The low attendances at Manchester City’s home Champions League games have been an issue for a while. As a season-ticket holder, I think it is chiefly down to prices.
Season-ticket prices rose yet again this season, some by as much as 10 per cent. For those seats, that means adding up to £80 to the price of a season ticket, leaving less capacity to buy tickets to additional cup matches.
Furthermore, tickets on the day for the Roma match were priced from £35 to £40, an increase in walk-up prices on last year. For Sheffield Wednesday in the Capital One Cup one week before, they were £15 to £20.
For a Premier League match, the block above the South Stand goal would be full of season-ticket holders. On Tuesday night, it was empty: many season-ticket holders – me included – have opted out of the Uefa Competition Cup Scheme guaranteeing entry to every match because they have other priorities. Also, City fans are consistently ranked among the poorest by income in the Premier League.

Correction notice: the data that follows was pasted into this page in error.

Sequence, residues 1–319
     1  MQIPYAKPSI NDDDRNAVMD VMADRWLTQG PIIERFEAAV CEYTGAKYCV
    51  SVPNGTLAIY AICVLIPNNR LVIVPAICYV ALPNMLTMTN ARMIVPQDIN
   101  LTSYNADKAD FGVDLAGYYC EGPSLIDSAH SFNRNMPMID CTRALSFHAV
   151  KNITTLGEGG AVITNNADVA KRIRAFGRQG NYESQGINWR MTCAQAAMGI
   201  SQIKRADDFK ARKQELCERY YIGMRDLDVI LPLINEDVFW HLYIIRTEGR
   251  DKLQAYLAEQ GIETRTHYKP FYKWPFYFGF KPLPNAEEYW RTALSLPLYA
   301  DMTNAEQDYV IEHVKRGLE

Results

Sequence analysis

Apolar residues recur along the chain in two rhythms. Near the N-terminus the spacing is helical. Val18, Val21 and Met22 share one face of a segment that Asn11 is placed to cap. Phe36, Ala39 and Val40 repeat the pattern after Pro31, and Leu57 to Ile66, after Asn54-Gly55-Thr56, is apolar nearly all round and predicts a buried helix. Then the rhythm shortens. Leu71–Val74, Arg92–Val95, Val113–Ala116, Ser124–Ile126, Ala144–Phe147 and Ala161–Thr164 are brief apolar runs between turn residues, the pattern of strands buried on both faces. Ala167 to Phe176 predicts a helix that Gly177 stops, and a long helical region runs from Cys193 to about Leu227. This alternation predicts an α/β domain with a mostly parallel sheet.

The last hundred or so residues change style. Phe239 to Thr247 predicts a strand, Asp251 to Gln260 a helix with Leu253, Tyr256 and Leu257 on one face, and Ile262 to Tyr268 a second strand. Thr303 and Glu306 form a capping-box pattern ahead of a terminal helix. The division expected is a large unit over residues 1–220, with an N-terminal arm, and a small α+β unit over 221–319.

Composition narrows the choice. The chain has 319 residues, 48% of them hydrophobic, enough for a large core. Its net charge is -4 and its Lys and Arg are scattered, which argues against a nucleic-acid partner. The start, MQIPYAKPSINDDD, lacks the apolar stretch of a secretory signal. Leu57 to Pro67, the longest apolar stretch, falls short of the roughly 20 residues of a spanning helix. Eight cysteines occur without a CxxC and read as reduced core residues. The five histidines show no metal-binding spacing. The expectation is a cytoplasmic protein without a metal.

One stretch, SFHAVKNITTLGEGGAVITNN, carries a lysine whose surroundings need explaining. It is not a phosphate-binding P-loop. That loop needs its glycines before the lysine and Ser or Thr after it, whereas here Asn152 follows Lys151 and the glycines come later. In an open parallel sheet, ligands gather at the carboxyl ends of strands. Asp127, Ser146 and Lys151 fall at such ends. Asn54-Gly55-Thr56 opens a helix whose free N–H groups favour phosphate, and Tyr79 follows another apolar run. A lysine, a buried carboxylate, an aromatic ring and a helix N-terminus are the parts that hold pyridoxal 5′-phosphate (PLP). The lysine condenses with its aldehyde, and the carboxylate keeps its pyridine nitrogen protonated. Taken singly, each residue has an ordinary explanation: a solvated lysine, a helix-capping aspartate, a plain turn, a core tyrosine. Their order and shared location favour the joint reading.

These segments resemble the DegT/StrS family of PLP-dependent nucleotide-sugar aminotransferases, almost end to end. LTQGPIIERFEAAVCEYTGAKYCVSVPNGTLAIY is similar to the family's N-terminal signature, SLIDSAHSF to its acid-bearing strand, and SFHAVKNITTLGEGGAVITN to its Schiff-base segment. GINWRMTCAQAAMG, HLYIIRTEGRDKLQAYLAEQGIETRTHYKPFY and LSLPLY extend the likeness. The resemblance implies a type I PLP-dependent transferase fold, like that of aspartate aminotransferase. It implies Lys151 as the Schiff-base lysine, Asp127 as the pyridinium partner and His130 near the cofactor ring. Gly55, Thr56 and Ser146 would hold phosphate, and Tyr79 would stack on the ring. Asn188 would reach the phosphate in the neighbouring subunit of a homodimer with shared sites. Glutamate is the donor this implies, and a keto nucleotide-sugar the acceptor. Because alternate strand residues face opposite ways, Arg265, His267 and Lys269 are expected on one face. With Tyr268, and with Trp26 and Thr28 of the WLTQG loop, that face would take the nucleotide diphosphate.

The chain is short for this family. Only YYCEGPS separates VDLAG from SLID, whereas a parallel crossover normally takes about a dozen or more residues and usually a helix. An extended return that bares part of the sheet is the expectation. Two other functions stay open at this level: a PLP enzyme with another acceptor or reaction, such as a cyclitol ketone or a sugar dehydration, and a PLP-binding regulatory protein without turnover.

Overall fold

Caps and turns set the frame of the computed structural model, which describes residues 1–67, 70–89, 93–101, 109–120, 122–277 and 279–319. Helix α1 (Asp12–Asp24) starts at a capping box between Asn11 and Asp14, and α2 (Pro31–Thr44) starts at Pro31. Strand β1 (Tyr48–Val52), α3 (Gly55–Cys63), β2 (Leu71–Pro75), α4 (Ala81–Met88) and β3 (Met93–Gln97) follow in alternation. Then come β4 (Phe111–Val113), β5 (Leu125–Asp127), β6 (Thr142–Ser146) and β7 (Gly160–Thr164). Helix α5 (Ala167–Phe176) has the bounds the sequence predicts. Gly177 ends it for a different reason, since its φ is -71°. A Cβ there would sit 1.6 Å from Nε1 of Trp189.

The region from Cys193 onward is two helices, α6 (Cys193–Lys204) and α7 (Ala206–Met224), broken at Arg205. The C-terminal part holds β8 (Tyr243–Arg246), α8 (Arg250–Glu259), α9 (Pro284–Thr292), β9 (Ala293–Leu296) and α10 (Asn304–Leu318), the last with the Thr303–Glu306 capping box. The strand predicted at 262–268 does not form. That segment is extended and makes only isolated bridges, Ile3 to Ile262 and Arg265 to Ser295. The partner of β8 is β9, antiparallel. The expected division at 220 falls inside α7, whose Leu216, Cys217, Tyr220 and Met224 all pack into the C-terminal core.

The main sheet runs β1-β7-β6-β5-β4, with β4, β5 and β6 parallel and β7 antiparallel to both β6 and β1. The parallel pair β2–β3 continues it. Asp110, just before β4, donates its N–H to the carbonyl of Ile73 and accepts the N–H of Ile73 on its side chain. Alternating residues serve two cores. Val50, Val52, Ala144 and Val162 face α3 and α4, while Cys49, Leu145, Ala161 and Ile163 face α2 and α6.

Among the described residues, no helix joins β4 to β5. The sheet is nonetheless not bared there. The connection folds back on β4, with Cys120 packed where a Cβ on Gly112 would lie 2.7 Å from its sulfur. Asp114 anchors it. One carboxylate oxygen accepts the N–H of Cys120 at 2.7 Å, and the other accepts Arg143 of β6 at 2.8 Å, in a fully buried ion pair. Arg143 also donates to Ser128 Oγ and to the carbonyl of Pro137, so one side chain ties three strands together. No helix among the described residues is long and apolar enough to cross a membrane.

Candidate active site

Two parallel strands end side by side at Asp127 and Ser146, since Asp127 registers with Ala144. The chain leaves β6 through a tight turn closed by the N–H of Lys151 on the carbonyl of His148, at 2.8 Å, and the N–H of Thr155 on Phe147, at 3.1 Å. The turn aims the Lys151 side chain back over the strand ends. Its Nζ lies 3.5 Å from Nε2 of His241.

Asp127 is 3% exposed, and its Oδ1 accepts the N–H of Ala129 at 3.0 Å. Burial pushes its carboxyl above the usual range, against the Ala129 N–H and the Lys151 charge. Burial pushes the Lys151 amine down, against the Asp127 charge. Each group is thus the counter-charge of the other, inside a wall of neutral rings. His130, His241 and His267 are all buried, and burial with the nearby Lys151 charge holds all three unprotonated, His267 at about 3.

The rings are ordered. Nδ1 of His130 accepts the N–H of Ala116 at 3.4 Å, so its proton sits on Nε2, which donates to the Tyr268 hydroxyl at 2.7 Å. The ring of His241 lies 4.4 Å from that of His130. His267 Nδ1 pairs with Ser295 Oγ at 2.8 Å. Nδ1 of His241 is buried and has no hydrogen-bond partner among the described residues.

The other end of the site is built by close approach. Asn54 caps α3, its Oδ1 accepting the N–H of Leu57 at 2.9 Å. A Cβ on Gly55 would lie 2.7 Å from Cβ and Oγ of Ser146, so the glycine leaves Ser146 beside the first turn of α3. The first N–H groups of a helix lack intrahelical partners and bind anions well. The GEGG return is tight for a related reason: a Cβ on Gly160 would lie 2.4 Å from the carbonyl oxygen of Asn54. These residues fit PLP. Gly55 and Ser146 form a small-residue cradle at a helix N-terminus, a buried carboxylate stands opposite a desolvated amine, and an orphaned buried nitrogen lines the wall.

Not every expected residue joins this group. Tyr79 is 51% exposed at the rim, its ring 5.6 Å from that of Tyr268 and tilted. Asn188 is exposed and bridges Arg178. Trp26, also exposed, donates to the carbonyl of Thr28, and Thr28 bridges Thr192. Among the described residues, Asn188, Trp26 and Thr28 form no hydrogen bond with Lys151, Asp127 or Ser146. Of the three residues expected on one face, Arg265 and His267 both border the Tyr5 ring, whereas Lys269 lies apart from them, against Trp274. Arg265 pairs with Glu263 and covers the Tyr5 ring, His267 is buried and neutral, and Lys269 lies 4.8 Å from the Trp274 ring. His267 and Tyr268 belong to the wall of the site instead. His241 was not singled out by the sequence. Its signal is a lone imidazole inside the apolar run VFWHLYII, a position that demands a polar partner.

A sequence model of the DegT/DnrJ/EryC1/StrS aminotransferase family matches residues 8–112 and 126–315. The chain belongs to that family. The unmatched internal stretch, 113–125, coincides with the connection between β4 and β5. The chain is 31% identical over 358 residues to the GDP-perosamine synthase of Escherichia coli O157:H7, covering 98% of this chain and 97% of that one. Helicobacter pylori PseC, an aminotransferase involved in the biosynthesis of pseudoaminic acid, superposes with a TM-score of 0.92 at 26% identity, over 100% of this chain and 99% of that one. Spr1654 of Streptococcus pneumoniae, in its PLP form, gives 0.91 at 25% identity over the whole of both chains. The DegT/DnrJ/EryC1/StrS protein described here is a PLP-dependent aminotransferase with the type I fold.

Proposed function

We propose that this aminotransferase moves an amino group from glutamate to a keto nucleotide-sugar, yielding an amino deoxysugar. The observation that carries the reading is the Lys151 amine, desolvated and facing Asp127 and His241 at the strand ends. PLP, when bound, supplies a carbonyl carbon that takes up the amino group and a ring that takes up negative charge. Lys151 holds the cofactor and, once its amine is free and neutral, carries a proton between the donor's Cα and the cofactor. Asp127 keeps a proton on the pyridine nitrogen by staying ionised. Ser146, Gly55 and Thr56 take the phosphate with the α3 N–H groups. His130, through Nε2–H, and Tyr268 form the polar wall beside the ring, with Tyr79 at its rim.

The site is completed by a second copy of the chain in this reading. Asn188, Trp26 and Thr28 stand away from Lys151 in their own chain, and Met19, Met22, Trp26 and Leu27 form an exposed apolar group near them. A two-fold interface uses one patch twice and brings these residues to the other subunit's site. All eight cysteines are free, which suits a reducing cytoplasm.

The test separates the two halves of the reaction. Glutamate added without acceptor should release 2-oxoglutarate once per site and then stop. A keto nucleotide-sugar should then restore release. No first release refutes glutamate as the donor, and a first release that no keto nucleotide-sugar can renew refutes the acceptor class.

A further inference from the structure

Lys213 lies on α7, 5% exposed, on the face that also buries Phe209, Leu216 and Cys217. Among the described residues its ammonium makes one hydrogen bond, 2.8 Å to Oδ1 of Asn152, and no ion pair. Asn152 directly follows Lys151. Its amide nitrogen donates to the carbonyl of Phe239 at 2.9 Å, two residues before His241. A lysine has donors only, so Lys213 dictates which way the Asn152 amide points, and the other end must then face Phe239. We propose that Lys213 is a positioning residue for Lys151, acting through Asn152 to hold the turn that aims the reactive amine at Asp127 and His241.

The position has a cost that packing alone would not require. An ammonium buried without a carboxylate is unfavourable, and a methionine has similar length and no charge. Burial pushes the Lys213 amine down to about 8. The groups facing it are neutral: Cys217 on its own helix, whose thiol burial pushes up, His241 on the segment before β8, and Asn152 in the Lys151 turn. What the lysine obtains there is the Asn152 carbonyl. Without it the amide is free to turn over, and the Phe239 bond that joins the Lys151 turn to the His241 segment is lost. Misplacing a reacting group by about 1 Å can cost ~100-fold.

There is some truth to the argument that City don’t have the habit of being in the Champions League. This is a club that has a decent tradition in Europe, though not in its flagship competition. An inferiority complex is inevitable; like Chelsea, it’ll lessen only with time. There’s also a sense that the competition has lost its novelty, particularly during the group stage: we’ve been paired with Bayern Munich in three out of four years and CSKA Moscow twice consecutively. That monotony needs to be addressed.
Finally, it may sound trite but Uefa’s alcohol ban at Champions League games creates a poor atmosphere, and if fans don’t think the match-day experience is worth the outlay compared with a domestic away or cup match, then even the most loyal will vote with their feet.
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